Will do!

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Newly released, a new, improved version 4.1 of the pen holder:

LowRider 3 CNC - Add-on - KINEMATIC Pen Holder - designed for LR3 Dust Shoe (v4.1)

Download: https://www.printables.com/model/484869-lowrider-3-cnc-add-on-kinematic-pen-holder-designe

Description from the Printables listing:

This is made to go with the LowRider v3 CNC - KINEMATIC Tool-less Quick-Change Accessory Holder - supports laser, drag knife, pen, etc (v4.0).

NOTE: June 8, 2023 — improved new release, v4.1, accomplishes two goals:

  • The pen is located closer to the center point of the LR3’s router (less offset from the cutting bit)
  • The offset distance is equal in both X and Y axes: ~52.043 mm for each. That’s from the center of the router bit to the edge of the mount where the side of the pen rests. To calculate your actual offset, be sure to add on the radius of your pen body. See example below. (For anyone curious, the 45-degree diagonal measure of offset from router bit center to the edge of the holder where the pen body rests, is ~73.6mm.) Having X and Y offsets be equal hopefully makes it a bit easier to handle coordination between drawing and cutting in the same project.


  • Insert your two zip ties through the pen holder, before attaching the pen holder to the Mobile Base from the linked other listing!

Diagrams showing the X & Y offsets, and an illustration of calculating offset with a common Sharpie marker:

Here’s a helpful video I made about this (the video shows older v4.0):


  • Laser mount for NEJE A40640 Diode Laser: Printables
  • Pen Holder, not inverted, v4.0 - generic design for pens on LR3 Dust Shoe, made for this v4.0 kinematic system: Printables
  • Drag Knife Holder v4.0 - 1.0mm spring leaf (for drag knife such as sold by V1 Engineering): Printables

Print, attach to the Mobile Base in the listing above, using three (3) screws and nuts, M3 x 16mm.

Install a pen using zip ties. Attach this and its Mobile Base to the Fixed Base on the LowRider v3, and draw something. Post results in the comments here.

Change log:

  • June 8, 2023 — improved new release, v4.1. See above.
  • May 18, 2023 — initial release, labelled v4.0 (because so many previous mixes).

My PayPal tip jar: https://paypal.me/design8studio

Various LowRider 3 CNC remixes:

View all my models and remixes on Printables:

*Amazon product links are affiliate links.


These combined models are looking pretty good. They printed well on my stock Ender 3. I do realize that I didn’t pay attention to print orientation and for the most part it didn’t appear to matter (Yet).

As I went to assemble, I realized that my M5 screws protrude through the plane of the Base for the bottom LR3 mount. Are you using button head or hex cap screws? Most of my metric collection is hex cap, and it LOOKS like it should have fit. However, I did also print this in a different orientation, so perhaps that makes a difference? I’m still learning the ins and outs of orientation for 3D printing.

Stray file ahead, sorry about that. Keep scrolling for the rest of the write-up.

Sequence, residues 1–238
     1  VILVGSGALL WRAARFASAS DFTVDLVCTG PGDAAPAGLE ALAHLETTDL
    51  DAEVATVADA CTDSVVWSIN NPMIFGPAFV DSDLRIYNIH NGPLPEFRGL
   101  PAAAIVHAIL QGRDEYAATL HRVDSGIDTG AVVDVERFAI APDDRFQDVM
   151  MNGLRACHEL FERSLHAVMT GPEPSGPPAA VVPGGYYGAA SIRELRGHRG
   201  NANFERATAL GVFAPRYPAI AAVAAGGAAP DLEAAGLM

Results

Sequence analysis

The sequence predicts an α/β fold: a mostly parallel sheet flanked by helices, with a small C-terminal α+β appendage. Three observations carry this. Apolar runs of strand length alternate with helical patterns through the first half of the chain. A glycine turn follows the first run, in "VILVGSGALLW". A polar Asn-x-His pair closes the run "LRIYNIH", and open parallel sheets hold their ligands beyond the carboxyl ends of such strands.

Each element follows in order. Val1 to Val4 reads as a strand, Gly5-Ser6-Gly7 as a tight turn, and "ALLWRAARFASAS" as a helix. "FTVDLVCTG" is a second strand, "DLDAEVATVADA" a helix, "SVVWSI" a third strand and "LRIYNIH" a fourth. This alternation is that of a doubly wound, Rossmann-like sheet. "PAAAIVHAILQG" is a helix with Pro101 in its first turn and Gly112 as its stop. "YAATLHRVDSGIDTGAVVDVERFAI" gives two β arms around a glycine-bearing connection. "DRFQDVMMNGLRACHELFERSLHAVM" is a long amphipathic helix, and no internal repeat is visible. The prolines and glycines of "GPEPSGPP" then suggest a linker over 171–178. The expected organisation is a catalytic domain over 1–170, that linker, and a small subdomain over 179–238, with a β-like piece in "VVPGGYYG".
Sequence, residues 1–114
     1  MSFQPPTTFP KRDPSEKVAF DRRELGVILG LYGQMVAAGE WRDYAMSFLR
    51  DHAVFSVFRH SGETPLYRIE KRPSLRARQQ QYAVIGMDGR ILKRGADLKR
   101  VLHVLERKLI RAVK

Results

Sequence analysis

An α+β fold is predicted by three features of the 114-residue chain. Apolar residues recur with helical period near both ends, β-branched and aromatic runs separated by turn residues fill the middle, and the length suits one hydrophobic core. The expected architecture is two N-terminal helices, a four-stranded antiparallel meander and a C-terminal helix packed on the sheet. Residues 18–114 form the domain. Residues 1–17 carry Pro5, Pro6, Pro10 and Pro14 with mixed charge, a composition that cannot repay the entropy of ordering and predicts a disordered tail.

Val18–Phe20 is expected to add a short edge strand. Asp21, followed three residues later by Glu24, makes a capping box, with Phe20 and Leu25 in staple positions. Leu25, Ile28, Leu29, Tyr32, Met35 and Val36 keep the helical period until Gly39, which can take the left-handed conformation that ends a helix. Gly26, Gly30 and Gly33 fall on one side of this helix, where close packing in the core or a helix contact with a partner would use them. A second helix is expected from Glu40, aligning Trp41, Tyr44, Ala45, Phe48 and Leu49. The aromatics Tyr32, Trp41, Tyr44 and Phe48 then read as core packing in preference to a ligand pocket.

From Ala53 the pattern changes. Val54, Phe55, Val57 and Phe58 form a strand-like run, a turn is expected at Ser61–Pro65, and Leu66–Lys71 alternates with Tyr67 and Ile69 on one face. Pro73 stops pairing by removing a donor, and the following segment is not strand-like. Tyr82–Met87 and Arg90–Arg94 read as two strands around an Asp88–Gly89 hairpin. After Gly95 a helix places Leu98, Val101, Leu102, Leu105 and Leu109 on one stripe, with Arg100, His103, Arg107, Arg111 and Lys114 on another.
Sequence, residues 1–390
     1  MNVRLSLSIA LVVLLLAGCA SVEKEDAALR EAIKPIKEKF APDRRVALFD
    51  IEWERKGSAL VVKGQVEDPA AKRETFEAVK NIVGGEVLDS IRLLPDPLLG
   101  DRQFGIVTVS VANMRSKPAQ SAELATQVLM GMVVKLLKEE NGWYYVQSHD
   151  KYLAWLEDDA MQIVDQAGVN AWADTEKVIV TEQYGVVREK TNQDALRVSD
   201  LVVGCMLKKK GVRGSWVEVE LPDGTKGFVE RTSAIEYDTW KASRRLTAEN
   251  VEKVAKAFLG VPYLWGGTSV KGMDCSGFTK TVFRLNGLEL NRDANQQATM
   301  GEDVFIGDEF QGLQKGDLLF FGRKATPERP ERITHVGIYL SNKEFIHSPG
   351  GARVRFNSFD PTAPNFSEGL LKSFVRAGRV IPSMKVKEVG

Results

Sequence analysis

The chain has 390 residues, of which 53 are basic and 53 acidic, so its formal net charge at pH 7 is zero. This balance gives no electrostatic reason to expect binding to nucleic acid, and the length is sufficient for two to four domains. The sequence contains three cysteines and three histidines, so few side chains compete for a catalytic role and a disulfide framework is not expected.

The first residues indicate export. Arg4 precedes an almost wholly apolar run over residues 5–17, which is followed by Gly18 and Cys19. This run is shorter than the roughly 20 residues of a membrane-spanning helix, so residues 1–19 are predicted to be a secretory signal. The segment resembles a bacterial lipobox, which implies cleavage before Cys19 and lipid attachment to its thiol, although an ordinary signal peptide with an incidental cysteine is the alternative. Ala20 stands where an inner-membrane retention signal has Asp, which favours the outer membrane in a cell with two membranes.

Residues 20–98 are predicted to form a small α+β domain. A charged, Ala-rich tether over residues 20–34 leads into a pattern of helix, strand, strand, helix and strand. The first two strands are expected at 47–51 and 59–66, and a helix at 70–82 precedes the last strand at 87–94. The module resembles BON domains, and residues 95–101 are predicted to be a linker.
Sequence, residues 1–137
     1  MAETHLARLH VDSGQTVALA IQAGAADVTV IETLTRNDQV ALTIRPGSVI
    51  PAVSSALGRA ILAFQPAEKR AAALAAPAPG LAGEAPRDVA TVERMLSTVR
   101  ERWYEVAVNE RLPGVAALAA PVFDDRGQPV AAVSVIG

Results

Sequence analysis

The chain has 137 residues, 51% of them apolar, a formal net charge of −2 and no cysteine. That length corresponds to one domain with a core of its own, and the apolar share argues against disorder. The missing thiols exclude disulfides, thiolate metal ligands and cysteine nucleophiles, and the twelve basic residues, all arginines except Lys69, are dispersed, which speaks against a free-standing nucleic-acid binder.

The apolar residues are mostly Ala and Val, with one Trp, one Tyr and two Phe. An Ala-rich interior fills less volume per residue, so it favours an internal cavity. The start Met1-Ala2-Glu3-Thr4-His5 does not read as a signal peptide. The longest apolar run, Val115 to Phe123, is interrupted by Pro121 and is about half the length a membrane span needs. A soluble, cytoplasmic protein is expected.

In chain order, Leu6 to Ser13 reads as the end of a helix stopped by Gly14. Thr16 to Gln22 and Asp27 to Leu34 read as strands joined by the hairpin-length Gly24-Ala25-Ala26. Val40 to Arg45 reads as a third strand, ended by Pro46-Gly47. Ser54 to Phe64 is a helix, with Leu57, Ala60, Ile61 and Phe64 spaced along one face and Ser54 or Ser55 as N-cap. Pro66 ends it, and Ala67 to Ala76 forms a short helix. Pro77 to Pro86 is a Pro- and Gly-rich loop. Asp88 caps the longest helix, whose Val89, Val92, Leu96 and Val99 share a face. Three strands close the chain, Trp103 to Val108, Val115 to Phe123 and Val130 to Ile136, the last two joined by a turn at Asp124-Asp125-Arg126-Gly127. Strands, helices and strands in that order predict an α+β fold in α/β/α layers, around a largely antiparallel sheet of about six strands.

Several short notes, and also some pics that will hopefully help.

I try to always upload my designs in the orientation intended for printing. I did so with this design.

The image below shows the M5 screws that I used, and shows a set of digital calipers measuring how wide its head is.

On my install that screw head fits down inside that printed well. My design has no part of the screw cap/head exposed outside of the main base part.

It looks like either your screws have a bigger head, or perhaps over-extrusion during printing made the well hole for the screw head too small for the head to fit.

Just to reiterate these are M5 x 45 mm.

This is not to say there might not be some other orientation that can work. Just to say that the provided orientation is known to work.

This close crop shows the screw head is submerged into the well on the Main Mount part.

My screws are 8.44mm wide and 5.22mm tall. IT does fit horizontally in the well, but it might be a vertical size issue. Additionally I printed it with the well hole facing down, meaning that it was printing on supports and might have sagged. I’ll bet it is the combination of the two that make the tolerances just a bit too tight.

You have drawn attention to a potential issue I may have not taken into account. The top well is shown in photo as not an issue, but now I’m pondering the bottom well.

PS: the well opening (in the 3D modeling software) measures as just shy of 10.6 mm (10.598399 mm) in diameter.

More soon.

Yes, the top well worked fine for me, it was the bottom well that caused my issue. The top of the cap needs to be below the plane, all the way out to the edge, as that is where one of the three arms overlays.

I figured that I’d try drilling it out to see what would make it fit, and it’s not just filament sag. I had to get into the infill (I printed with 4 walls because it was a quick job and I left my previous settings.)

I can attach more photos if it would help.